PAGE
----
less than 90 degrees, use an applicable ratio of this formula (e.g., a 45-degree intercept would require
one-third as much lead as a 90-degree intercept). See Figures 20 and 21. You will calculate lead point
either in radials or DME, depending on the maneuver youre performing.
The HSI display provides two indications that will assist you in determining lead point. First, the bearing
pointer will give you the relative speed at which you are approaching the desired course. By observing
the rate at which the bearing pointer approaches the desired course, you can determine when to initiate
your turn. Second, the course line provides the relative speed at which you are approaching the desired
course. The CDI course line starts to move once you are within 10 degrees of that course. When you are
60 nm from the station, the radials are 1 nm apart and at 30 nm, they are 1/2 nm apart. Therefore, the
CDI will move rapidly when you are close to a station and more slowly when the station is distant. Use the
HSI display scale selection and relative position of the aircraft symbol to the Planimetric course line to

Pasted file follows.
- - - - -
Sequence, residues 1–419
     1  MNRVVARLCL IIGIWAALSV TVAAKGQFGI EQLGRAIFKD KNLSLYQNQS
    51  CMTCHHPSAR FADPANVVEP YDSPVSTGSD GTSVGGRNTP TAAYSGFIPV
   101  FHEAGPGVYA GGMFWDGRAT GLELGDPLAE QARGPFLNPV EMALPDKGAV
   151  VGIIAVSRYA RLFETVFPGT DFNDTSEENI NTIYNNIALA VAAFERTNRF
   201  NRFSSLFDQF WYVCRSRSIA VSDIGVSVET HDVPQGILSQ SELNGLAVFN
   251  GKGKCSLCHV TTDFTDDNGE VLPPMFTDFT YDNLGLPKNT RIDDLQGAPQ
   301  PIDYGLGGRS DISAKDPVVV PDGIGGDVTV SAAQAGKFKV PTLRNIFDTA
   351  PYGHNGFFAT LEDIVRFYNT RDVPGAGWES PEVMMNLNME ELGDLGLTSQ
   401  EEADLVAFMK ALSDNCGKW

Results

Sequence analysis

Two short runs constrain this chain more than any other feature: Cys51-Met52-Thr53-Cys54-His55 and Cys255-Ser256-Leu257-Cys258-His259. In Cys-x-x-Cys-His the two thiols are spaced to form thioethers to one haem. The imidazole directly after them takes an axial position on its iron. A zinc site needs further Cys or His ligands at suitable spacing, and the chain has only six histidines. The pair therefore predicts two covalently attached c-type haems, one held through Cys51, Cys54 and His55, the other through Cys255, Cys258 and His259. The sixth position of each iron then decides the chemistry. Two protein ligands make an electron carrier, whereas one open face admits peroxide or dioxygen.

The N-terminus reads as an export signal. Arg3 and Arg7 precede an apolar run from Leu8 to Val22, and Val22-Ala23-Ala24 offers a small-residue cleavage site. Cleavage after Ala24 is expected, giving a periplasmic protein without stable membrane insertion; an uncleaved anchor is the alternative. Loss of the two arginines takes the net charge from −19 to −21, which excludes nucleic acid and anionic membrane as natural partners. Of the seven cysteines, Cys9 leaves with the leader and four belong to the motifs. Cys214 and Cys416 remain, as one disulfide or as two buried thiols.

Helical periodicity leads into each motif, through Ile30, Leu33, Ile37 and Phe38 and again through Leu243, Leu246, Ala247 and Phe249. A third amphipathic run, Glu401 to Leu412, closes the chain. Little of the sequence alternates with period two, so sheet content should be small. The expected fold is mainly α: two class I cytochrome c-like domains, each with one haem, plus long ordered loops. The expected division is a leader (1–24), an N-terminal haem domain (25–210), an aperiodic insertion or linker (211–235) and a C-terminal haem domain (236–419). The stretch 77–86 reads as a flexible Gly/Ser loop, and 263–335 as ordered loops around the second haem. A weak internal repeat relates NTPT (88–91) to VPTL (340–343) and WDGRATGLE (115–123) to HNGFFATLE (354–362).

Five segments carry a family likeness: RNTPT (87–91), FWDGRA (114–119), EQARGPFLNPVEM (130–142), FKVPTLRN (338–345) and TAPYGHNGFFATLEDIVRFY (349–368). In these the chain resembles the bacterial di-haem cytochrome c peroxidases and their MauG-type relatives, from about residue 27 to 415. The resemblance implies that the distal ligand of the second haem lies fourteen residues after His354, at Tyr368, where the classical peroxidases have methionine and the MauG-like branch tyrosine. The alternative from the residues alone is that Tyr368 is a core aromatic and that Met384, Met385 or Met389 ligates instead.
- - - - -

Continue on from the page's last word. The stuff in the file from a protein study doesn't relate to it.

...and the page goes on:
judge the distance and intercept angle from the desired course.
To perform a course intercept inbound to a station, first tune and identify the station (if you havent already
done so) and then dial in the desired inbound course in the course select window. The two most used
procedures for accomplishing an inbound intercept are the 30-degree and the double angle off the bow
methods. When determining which intercept is most appropriate, consideration should be given to the
aircraft distance to the NAVAID (if known). A double angle off the bow intercept could be as little as 1 or
2 degrees or as much as 45 degrees. The 30-degree method is always 30 degrees. Consideration for
radial spread and closure rate determined by the distance from the NAVAID and wind should always be a
factor in the selection and application of an inbound intercept.
Once you have tuned the station and selected the desired course in the HSI display course select window,
look from the desired course on the compass card to the head of the bearing pointer used and 30 degrees
beyond. The heading located 30 degrees beyond the bearing pointer is the heading you will fly to the
intercept. Turn the aircraft to this heading and maintain it until you reach the lead point and then complete
the intercept (Figure 17). You look from the desired course to the bearing pointer.